4. Histopathological and Immune histochemical FindingsMost of the MPNSTs (61%) demonstrated a coexisting neurofibromatosis component [8]. However, being our case a biopsy, only a small percentage of tumor was represented. Most sarcomas exhibit variability in cytology and histologic pattern. In these cases, low-grade tumors are characterized by mild to moderate hyper cellularity, significant nuclear atypia, and a mild increased mitotic index (3-9/10HPF) and high-grade neoplasms show pronounced hyper cellularity, variable cellular pleomorphic, and brisk mitotic activity index (10 or more/10HPF with or without necrosis). Additional features often encountered are microvascular proliferation and geographic necrosis with pseudo palisading. This characteristic pattern of necrosis results from the persistence of viable perivascular cuffs of tumor cells. These findings were not found in our case. The tumor cells are usually monotonous spindle cells arranged in intersecting fascicles. Pleomorphic variants also exist. At low power, alternating hyper- and hypo cellular areas may be present, often with hyper cellular areas localized near blood vessels. Compared with benign neuro fibromas, MPNST morphic, and mitotic activity and shows a more organized cellular growth pattern, with a less extracellular matrix material. Occasionally, a spectrum of changes may be seen, ranging from atypical neuro fibromas to high-grade MPNST [25]. As mentioned above, heterologous elements, such as skeletal muscle, bone, cartilage, and blood vessels, are present in approximately 15% of tumors. Heterologous elements may confer an even poorer prognosis; MPNSTs demonstrating skeletal muscle differentiation (malignant Triton tumors) are particularly aggressive and associated with poor prognosis. There is no pathognomonic molecular or immune histochemical study for MPNST. Most MPNSTs are negative for all nerve sheath stains, while others are positive for S100 protein and/or SOX10 in only a small subset of the tumor cells. It is also likely that residual Schwann cells of the pre-existing neuro fibroma contribute to the S100 protein/SOX10 positivity of MPNSTs [11]. Loss of the CD34-positive fibroblastic network encountered in neuro fibromas can be a helpful clue to the diagnosis of MPNST [26]. Loss of p16 expression related to losses in the CDKN2A genes is also a typical finding. However, because this change can predate morphologic transformation into MPNST, it cannot be used as a sole marker of malignancy. Recent studies showed the inactivation of polycomb repressive complex 2 (PRC2) in a large subset of MPNST, due to loss-of-function mutations in PRC2 subunits EED or SUZ [26, 27, 28]. These co-occur with somatic mutations of CDKN2A and NF1 and are associated with a distinct DNA methylation profile [27]. In addition to its DNA-wide effects on methylation, PRC2 inactivation specifically leads to loss of trimethylation at lysine 27 of histone-H3 (H3K27me3). The loss of methylation can be demonstrated by highly specific immunohistochemistry. Moreover, this is an important finding given that monophasic synovial sarcoma and fibrosarcomatous dermatofibrosarcoma protuberans are usually monomorphic, hyper cellular spindle cell sarcomas with fascicular growth patterns, they represent some of the best morphologic mimics of malignant peripheral nerve sheath tumors. Consequently, H3K27me3 specificity is vital to the diagnostic utility of the stain when attempting to exclude synovial sarcoma and fibrosarcomatous dermatofibrosarcoma protuberans. Such trimethylation is typically ubiquitous in neuro fibroma and atypical neuro fibromatous neoplasm with uncertain biologic potential (ANNUBP) but is often lost in MPNST. The frequency of H3K27me3-loss has varied between 30–90%, and by some studies, has been more frequent in sporadic and radiation-associated MPNSTs than NF1-associated MPNSTs [29–31]. Genetic data suggest that loss of H3K27me3 does not occur in cellular schwannoma, and therefore this marker may also be useful in the differential diagnosis between cellular schwannoma and those MPNSTs that have lost this marker.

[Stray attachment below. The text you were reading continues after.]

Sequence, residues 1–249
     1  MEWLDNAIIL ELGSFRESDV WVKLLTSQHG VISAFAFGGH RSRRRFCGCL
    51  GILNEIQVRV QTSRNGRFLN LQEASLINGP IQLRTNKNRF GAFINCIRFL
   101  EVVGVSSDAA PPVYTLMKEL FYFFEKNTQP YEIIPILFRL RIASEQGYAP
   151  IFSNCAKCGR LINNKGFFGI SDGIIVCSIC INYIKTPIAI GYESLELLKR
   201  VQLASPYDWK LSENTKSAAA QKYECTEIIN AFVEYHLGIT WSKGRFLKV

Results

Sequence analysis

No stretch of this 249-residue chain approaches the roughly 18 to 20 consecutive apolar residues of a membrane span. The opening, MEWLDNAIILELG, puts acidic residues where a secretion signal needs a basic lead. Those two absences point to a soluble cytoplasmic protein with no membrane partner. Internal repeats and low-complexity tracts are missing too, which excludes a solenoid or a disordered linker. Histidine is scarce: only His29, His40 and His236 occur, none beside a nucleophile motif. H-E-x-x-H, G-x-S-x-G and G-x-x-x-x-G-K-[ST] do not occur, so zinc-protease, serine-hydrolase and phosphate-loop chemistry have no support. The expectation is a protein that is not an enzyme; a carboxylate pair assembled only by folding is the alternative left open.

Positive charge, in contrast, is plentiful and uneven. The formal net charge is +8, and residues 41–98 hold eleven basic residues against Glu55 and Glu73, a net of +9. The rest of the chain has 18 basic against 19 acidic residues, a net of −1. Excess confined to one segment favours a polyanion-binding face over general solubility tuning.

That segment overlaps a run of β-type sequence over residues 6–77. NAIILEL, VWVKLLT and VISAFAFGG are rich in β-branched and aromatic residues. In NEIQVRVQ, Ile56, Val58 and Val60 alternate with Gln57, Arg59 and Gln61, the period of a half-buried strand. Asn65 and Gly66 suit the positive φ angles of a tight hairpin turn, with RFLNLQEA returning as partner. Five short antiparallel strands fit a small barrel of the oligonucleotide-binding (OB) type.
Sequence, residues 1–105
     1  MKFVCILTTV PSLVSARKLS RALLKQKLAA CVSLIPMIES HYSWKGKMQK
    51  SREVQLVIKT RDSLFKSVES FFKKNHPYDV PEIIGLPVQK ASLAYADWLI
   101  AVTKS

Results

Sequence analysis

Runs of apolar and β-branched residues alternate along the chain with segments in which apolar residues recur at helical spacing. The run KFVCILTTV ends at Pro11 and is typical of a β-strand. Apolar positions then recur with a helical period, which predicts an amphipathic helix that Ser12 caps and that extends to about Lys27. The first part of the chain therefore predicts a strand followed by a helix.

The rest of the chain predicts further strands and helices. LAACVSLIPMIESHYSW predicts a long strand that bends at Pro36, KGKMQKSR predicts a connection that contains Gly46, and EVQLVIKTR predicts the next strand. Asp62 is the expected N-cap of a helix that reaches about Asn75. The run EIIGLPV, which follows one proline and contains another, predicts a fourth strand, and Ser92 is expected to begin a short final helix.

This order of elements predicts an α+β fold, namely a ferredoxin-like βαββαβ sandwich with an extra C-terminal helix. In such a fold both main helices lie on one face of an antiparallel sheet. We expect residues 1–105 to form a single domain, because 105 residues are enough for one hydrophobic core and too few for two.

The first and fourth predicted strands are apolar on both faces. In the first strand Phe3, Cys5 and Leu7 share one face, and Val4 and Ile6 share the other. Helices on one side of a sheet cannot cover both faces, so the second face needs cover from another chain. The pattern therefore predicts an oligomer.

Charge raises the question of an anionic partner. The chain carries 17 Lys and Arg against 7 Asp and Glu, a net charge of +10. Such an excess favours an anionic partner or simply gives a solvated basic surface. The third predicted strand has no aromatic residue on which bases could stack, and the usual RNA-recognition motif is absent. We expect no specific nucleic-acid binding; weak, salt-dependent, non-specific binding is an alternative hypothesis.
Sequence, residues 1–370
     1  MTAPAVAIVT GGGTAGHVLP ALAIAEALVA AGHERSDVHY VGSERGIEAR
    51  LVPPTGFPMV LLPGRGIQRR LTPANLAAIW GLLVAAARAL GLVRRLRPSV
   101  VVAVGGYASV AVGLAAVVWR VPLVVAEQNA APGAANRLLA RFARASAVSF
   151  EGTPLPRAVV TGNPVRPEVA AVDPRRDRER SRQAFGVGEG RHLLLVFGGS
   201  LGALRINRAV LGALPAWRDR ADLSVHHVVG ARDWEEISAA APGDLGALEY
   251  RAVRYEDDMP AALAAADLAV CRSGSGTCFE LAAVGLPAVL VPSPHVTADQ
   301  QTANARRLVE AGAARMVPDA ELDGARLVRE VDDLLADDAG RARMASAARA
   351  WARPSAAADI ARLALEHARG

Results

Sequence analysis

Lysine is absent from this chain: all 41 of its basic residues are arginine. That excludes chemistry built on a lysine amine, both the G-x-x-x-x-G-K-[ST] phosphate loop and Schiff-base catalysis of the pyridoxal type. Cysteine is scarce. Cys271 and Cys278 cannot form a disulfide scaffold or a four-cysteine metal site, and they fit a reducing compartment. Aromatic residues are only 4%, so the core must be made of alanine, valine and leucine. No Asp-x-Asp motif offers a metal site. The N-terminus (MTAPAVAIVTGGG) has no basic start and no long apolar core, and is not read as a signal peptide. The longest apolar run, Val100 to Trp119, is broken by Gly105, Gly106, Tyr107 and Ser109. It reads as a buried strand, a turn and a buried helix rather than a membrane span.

5. Treatment and PrognosisSurgical excision remains the primary treatment modality for MPNSTs. MPNSTs are treated best with wide surgical margins followed by chemotherapy and local radiation; unfortunately, metastases are common, with poor long-term survival [23]. MPNST is a tumor-associated with aggressive behavior and poor prognosis [13]. There are some prognostic factors such as their truncal location, tumor size >5cm, local recurrence, and high-grade morphology are all adverse prognostic factors a patient with NF1-associated MPNST appear to have a worse prognosis than patients with sporadic tumors [4].

6. ConclusionMPNSTs are difficult to manage because of their aggressive nature and the limitations in early diagnosis and management, hence the importance of keeping in mind these tumors when dealing with a patient with NF-1 and a previous diagnosis neuro fibroma, especially NF with a prolonged history of a mass, all of which support the concept of a sarcoma arising upon neuro fibroma. Molecularly targeted therapies following surgery for MPNST should be developed to render a patient disease-free.

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Monica CG.Ankle Malignant Peripheral Nerve Sheath Tumor in A Neurofibromatosis I Patient: A Case Report and Review the Literature . Annals of Clinical and Medical Case Reports 2021